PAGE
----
HM100 with Redrock Micro M2e 35mm Adapter at DVinfo.net

Go Back   DV Info Net > JVC ProHD & MPEG2 Camera Systems > JVC GY-HM 70/100/150 Series Camera Systems

JVC GY-HM 70/100/150 Series Camera Systems
GY-HM70, HM100, HM150 recording AVCHD MP4 & QuickTime .MOV to SDHC cards.


Reply
 
Thread Tools Search this Thread
Old August 21st, 2009, 11:44 PM   #1
Regular Crew
 
Join Date: Apr 2009
Location: OK
Posts: 62
HM100 with Redrock Micro M2e 35mm Adapter

I couple days ago I got the Redrock Micro M2e or M2 Encore 35mm adapter for the HM100. This was always my plan for the HM100 and because of the small size and high quality image I was pretty sure it would be a great camera for such a set up.

I have spent a few days with it trying out different lenses and really love the images that come out of it. The small size of the camera and the ability to turn off the focus controls so you can't bump it out of focus work out really well. The screen and viewfinder both work well to focus the lens and the focus assist does work. For trickier shots I will zoom the HM100 in a little and focus and then back my zoom out to the maximum just like if I didn't have an adapter on the camera. Light loss is low and the aperture and shutter speed setting were similar to what they would be without the adapter, maybe the same. Only having 1 pretty mild ND setting is limitation but that is what the matte box is for. In the bright sunlight today with the ND filter on, the camera at 0 dB, 1/100 and f4.5 it was almost too bright while having the lens at 1.4.

I will have my first real shoot this weekend but here is a test HM100 M2e Video test that I shot while setting it up. You can see the huge difference in the lens quality and depth of field. The first half is me focusing on my face and the second half is a circular pan of the trees above me. The closest leaves are about 10 inches from the lens and the farthest away is around 30 feet. My face is around 1 foot away from the lens. Both these shots were done with a Voigtlander 58mm f1.4 lens. The video was 1080/24p, standard gamma -2, cinema subdued color. In Final Cut I brought down the highlights a little bit and increased the saturation.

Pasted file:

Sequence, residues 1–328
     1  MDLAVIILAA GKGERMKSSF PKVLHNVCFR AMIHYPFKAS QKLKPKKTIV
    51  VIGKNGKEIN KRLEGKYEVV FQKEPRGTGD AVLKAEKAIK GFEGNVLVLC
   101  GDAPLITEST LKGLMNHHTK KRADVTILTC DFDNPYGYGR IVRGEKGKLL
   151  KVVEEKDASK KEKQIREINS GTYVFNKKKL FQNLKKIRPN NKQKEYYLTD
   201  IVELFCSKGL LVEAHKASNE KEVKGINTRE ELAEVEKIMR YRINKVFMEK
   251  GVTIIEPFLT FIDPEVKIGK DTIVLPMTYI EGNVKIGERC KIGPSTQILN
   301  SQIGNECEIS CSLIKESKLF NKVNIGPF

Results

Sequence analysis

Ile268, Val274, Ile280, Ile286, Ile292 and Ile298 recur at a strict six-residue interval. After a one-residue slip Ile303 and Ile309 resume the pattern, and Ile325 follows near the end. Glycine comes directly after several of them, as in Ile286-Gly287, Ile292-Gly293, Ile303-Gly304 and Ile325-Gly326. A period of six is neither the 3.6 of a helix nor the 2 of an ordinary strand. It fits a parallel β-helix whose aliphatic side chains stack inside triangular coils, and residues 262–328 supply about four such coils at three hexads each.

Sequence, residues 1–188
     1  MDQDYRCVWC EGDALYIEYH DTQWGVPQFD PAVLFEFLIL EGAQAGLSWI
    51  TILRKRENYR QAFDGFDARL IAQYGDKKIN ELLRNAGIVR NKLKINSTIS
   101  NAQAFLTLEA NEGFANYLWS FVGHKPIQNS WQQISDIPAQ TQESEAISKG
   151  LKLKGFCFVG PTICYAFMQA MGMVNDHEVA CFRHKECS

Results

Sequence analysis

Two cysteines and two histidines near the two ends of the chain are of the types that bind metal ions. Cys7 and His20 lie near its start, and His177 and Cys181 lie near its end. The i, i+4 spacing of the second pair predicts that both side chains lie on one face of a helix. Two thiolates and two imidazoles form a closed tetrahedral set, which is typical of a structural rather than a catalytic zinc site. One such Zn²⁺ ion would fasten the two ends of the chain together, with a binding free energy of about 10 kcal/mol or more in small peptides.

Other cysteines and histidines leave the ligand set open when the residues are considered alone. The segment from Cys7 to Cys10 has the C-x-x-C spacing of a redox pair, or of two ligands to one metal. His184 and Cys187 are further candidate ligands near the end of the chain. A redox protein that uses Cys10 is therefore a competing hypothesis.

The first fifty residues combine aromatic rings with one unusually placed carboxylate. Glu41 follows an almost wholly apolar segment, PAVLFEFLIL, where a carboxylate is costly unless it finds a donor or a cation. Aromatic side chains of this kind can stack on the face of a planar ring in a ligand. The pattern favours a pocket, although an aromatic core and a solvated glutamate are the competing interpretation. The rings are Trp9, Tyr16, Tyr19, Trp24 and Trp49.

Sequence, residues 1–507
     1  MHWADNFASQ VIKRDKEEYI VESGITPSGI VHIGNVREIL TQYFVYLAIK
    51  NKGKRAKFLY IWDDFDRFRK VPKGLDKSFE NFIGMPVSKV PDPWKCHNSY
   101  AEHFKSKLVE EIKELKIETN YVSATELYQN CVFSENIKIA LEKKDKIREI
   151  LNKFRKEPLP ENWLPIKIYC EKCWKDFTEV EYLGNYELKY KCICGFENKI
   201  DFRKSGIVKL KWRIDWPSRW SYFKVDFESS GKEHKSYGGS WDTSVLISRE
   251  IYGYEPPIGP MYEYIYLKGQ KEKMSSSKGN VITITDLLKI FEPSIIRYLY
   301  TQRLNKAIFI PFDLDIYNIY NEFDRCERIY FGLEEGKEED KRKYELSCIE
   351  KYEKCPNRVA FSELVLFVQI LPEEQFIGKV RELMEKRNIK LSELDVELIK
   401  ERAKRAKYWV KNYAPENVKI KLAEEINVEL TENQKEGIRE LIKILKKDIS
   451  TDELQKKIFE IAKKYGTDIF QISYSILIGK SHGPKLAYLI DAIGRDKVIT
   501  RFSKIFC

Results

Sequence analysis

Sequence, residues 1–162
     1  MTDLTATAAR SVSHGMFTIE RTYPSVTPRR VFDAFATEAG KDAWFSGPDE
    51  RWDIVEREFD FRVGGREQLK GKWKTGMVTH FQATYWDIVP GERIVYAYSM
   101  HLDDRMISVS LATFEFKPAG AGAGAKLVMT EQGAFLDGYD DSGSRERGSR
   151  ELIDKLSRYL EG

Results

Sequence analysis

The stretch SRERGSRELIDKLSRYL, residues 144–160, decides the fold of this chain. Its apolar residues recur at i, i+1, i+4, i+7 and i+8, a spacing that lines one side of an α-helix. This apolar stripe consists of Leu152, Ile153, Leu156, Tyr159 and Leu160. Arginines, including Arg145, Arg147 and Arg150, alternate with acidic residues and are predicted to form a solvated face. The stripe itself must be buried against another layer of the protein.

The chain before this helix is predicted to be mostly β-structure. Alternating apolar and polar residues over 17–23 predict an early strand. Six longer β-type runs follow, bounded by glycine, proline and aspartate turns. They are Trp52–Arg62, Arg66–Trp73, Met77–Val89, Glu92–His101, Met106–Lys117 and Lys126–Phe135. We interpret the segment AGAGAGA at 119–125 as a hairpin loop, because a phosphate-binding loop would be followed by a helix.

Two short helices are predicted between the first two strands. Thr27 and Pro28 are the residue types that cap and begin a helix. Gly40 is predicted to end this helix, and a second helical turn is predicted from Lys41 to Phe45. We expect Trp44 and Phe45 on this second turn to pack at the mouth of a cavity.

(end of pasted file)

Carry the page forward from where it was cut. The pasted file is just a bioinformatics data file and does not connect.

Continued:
Here are a couple images






from front to back

Redrock Micro microMattebox
Voightlander 58mm f1.4 Lens
Redrock Micro M2 Encore 35mm Adapter
Redrock Micro microX Encore (flips the image right side up)
JVC HM100

There are a few more images here. You can also see the images larger.
HM100 with Redrock M2e and microMattebox - a set on Flickr

After I do a few shoots I will be sure and write up a full review with some more video.

Last edited by Elvis Ripley; August 22nd, 2009 at 01:08 PM.
Elvis Ripley is offline   Reply With Quote
Old August 21st, 2009, 11:45 PM   #2
Regular Crew
 
Join Date: Apr 2009
Location: OK
Posts: 62
place holder in case I want to write more
Elvis Ripley is offline   Reply With Quote
Old August 22nd, 2009, 08:21 AM   #3
Regular Crew
 
Join Date: Jul 2009
Location: France (Normandy)
Posts: 42
Pretty nice Elvis

Hurry to see some videos now !!!

;-)
Mike Laisney is offline   Reply With Quote
Old August 22nd, 2009, 11:08 PM   #4
Regular Crew
 
Join Date: Apr 2009
Location: OK
Posts: 62
There is that one test video in the post but I will see what I can do about hurrying up with some real stuff.
Elvis Ripley is offline   Reply With Quote
Old August 23rd, 2009, 01:12 AM   #5
Inner Circle
 
Join Date: Dec 2003
Location: PERTH. W.A. AUSTRALIA.
Posts: 4,356
Elvis.


The way you have that set up on the rods there are going to be some bending loadings on the camera casework and rear of the adaptor I would not much care to leave uncorrected for long if it was mine.

The camera appears to be about 4mm too high relative to the adaptor and about 2mm too far forward to compensate or the adaptor is about 2mm too far rearwards which may be introducing an upwards bending load.

The weight of the mattbox on front may have caused this if it was unsupported during assembly in which case the support under the mattebox needs to be adjusted upwards about 3mm - 5mm if there is a vertical adjustment available. There is a distinct bend in flip unit/adaptor junction and likley a loading at the camcorder/flip unit junction as well.

If the bend has been introduced by the bottom of the adaptor being too far rearwards, then loosening the rod clamps under the M2 box and front support and sliding them forward about 2mm may allow the front of the camera to lower a little which will be evident if a bending load has been imposed during the assembly.